VR Training and Tech Apprenticeships

Many training organizations are starting to notice the benefits of utilizing Virtual Reality Systems for their services. Find out what this means for professional development.

The next big name in training services – Virtual Reality – is expected to generate $260 million in 2018 and grow to a shocking $6.3 billion in 2022. Many training organizations are starting to notice the benefits in utilizing Virtual Reality Systems for their services, triggering this astronomical growth.

The first industries to adopt virtual technology for their training needs are those with high-risk working environments: construction, energy or industry and manufacturing. According to industry analyst Khin Sandi, “VR training prevents risks associated with training hazards such as safety of trainees in the dangerous work place or accidental damage of equipment.” They also found that 80% of companies that use VR training methods find that they save up to 80% of their time.

Virtual Reality Systems are changing the world of professional training. Not only are attendees able to save time and money with reduced travel but they are also given immersive training environments that can simulate dangerous situations, allowing them to learn and grow without the risks. (Source: Markets Insider

What does this mean for professional development?

Virtual Reality Systems are still in the developing stages and are expected to expand into every segment of the training industry. Success in the industrial sectors is just the first step. Applications are predicted to spread into sales and marketing, tourism, retail, and more. Walmart is taking the first step with its plan to implement this new technology by the end of 2017. In the upcoming years, professionals will see a rise in training opportunities through virtual reality.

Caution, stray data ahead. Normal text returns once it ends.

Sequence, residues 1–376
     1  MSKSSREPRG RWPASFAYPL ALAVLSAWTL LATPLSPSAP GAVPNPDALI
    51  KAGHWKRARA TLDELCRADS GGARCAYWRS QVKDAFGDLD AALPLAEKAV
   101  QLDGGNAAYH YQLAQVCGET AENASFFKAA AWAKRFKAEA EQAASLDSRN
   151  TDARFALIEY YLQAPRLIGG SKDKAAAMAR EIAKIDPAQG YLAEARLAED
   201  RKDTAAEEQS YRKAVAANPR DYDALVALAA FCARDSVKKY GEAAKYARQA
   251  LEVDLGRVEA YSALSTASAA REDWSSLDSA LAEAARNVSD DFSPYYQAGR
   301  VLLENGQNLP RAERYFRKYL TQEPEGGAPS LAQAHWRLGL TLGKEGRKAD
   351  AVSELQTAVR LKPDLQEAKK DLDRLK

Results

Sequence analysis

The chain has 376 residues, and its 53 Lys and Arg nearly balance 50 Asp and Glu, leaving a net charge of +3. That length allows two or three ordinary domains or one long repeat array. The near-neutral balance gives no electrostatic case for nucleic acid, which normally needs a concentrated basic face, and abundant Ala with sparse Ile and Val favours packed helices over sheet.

Tech Apprenticeships on the Rise 

The shortage of qualified digital professionals is leading information technology companies to adopt apprenticeship programs and train their own talent. Microsoft, Amazon and IBM all have apprenticeship programs that pay their workers while they undergo training for positions that require unique IT skills. According to Joanna Daly, vice president for talent at IBM, the company now has hundreds of jobs available in the U.S. for professionals that are still developing in their IT careers and is planning on filling these positions by using their apprenticeship program.

With a half-million open technology jobs and only 50,000 computer science graduates each year, the shortage in qualified professionals for computer and information technology occupations is expected to grow. In addition to these tech giants, individual companies and states are also initiating apprenticeship programs to address the lack of workers trained for needed positions. States like Washington and Minnesota have put money into promoting IT apprenticeships. In addition, a legislation that increases access to apprenticeship programs which train veterans was signed on Tuesday by President Donald Trump. (Source: U.S. News)

What does this mean for professional development?

Since the technology sector has no intention of slowing down, it is becoming increasing important for individuals to keep up with IT training through courses or apprenticeships. The rise in apprenticeships is making it easier for professionals to start in entry level jobs or make career changes later in their lives.  

Want to keep up with the latest L&D news?

Sign up to our newsletter


You might also be interested in: